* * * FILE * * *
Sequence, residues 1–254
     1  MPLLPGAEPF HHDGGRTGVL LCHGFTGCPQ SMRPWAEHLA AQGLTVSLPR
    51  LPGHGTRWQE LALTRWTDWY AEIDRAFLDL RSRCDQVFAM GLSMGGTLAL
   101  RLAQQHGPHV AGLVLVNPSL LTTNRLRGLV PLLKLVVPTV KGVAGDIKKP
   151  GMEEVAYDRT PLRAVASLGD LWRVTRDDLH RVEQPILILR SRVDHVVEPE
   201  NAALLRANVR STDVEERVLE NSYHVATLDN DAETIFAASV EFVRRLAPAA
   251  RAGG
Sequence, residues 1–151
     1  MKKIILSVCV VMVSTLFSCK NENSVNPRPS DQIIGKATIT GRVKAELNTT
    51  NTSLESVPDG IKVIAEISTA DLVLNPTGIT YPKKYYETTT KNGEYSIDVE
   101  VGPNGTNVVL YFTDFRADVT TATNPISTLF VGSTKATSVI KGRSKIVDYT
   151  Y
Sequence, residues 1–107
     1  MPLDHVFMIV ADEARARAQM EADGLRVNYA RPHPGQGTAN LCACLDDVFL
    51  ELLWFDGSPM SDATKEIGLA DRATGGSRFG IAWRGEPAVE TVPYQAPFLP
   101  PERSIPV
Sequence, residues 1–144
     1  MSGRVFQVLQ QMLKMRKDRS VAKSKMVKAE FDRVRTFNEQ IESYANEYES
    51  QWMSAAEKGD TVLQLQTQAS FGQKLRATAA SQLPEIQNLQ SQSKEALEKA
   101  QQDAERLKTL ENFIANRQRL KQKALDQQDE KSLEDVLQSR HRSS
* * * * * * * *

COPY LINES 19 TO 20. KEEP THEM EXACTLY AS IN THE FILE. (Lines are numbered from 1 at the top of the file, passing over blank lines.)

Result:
    51  QWMSAAEKGD TVLQLQTQAS FGQKLRATAA SQLPEIQNLQ SQSKEALEKA
   101  QQDAERLKTL ENFIANRQRL KQKALDQQDE KSLEDVLQSR HRSS